New Orleans's Transition
NEARLY THREE months have passed since Hurricane Katrina flooded New Orleans. But although the water is gone and the French Quarter is open, things are very much not back to business as usual. Coast Guard Vice Adm. Thad W. Allen -- who has been running the federal side of the recovery effort since former FEMA chief Michael D. Brown's departure in mid-September -- reckons that almost none of the 1.5 million people evacuated from southern Louisiana after Katrina have gone home. New Orleans today is a city of contractors, low-wage workers from elsewhere and a small number of "natives" living in the relatively undamaged higher-altitude wards. Even if they have homes, most of those residents still have no easy access to hospitals or to schools. Large chunks of the city are without electricity, gas or water, and large numbers of homes are still uninhabitable.
The next steps forward for the city are in some ways the hardest: At the moment, few people can live there because there are no services, and there are no services because few people live there. Recognizing that they need to move on -- and quickly -- most, if not all, of Louisiana's politicians have abandoned their initial "give us $250 billion and let us decide how to spend it" plans and are entertaining more sensible proposals, both for how the city can proceed and for how outsiders can help. The Urban Land Institute, in cooperation with city politicians, has issued a series of recommendations, most notably including the idea that rebuilding should take place in phases, with safer, higher districts being rebuilt first. Both Louisiana Gov. Kathleen Babineaux Blanco (D) and New Orleans Mayor C. Ray Nagin (D) appear to have signed on to that model, even though it implies that the lower, more heavily damaged parts of the city may not be rebuilt for years -- if at all.
Both the governor and the mayor also more generally support the creation -- proposed in several versions -- of a federal or federal-local corporation that would purchase damaged property from owners who can't or don't want to rebuild; the corporation then would redevelop the property or put it to some other use. The most advanced version of this plan is a bill proposed by Rep. Richard H. Baker (R-La.), whose Louisiana Recovery Corp. would settle outstanding mortgages; give property owners options to sell and repurchase at a later date or in a drier location; and make infrastructure improvements so land can be sold and redeveloped. Any profits from redevelopment would be returned to the U.S. Treasury. The proposal is timely: Within weeks, mortgage companies may start foreclosing on New Orleans property.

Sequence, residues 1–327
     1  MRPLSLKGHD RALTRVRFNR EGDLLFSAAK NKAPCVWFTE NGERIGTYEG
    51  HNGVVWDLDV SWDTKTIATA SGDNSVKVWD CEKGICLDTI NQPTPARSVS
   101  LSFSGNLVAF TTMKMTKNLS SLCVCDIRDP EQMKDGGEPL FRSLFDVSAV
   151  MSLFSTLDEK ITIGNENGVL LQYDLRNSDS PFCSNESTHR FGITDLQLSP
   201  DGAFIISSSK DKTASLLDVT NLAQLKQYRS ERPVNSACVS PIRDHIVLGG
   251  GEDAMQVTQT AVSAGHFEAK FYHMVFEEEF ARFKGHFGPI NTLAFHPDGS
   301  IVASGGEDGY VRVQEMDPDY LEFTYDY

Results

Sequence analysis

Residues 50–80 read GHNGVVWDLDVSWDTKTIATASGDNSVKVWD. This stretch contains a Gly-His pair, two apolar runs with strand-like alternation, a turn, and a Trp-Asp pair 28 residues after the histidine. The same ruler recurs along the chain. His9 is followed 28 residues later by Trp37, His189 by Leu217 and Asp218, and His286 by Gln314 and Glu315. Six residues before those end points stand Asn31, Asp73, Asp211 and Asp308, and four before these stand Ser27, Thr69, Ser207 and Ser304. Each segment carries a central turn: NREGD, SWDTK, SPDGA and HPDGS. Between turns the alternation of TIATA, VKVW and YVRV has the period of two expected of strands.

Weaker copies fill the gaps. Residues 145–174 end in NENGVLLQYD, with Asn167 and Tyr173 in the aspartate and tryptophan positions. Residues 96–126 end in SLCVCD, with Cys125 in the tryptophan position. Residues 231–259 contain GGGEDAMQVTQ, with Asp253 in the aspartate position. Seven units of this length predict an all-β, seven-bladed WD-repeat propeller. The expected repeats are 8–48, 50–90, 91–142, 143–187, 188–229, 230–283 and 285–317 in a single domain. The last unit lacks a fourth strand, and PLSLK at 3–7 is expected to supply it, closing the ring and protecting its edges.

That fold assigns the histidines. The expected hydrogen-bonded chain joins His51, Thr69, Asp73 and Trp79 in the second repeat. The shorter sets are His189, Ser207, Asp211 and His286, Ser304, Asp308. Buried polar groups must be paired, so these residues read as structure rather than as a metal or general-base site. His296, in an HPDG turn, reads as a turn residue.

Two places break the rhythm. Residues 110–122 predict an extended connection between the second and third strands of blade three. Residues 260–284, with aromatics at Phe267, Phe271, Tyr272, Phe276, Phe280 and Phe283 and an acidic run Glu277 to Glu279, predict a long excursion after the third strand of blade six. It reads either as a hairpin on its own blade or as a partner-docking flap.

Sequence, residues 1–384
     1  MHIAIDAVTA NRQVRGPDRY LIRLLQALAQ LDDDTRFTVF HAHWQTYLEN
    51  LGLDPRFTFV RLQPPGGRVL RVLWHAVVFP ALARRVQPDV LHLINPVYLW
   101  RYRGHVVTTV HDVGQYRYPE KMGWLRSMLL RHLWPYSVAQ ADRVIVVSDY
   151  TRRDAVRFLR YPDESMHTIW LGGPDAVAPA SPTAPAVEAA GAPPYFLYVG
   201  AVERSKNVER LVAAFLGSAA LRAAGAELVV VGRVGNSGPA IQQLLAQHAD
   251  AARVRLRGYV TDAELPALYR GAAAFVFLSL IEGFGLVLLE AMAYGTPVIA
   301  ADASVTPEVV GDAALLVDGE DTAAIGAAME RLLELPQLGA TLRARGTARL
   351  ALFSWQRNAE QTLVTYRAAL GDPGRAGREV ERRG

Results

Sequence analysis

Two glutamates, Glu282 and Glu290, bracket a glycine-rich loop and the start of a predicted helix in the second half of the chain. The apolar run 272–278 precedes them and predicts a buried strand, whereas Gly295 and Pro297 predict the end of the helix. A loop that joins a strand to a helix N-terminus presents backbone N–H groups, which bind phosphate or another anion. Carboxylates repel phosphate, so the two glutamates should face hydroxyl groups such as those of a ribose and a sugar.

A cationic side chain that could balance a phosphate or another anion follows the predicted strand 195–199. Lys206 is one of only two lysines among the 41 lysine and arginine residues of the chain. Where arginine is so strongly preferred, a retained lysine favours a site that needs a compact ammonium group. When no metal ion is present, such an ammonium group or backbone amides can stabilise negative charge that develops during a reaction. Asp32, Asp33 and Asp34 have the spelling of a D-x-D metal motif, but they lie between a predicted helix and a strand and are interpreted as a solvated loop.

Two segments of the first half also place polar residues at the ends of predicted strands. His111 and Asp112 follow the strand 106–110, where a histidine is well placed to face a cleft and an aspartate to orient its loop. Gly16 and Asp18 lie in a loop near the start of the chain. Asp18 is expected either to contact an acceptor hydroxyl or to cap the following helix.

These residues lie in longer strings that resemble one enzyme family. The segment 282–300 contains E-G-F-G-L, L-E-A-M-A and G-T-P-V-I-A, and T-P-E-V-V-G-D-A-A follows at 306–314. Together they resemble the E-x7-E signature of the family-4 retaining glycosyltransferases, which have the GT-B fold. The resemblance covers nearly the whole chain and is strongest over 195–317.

If and when these ideas receive the full political support of the state and city, it will be the turn of Congress and the federal government to step in with carefully targeted recovery money: for repairing levees and infrastructure and for lending to small businesses. When that's in place, the uncertainty about whether there will again be a New Orleans will come to end.
But none of this has gelled yet, and no unquestioned leader has emerged. Until one does, there is certainly a danger that the city and its problems will be forgotten and the architectural and cultural treasures of New Orleans ultimately abandoned. Memories are short in Washington, and some people already are arguing that New Orleans isn't worth rebuilding. Now is the time for Louisiana's politicians, in the state and on Capitol Hill, to come to a consensus about what they want New Orleans to look like. They need to convince Congress and the administration that they know exactly how and why taxpayers' dollars will be spent. Congress and the administration, in turn, need to be willing to listen and to put up the money at least for the reconstruction of the failed levees. Only then will more of the city's former residents have
the confidence to leave the hotels and apartments they still inhabit across the country, and return home.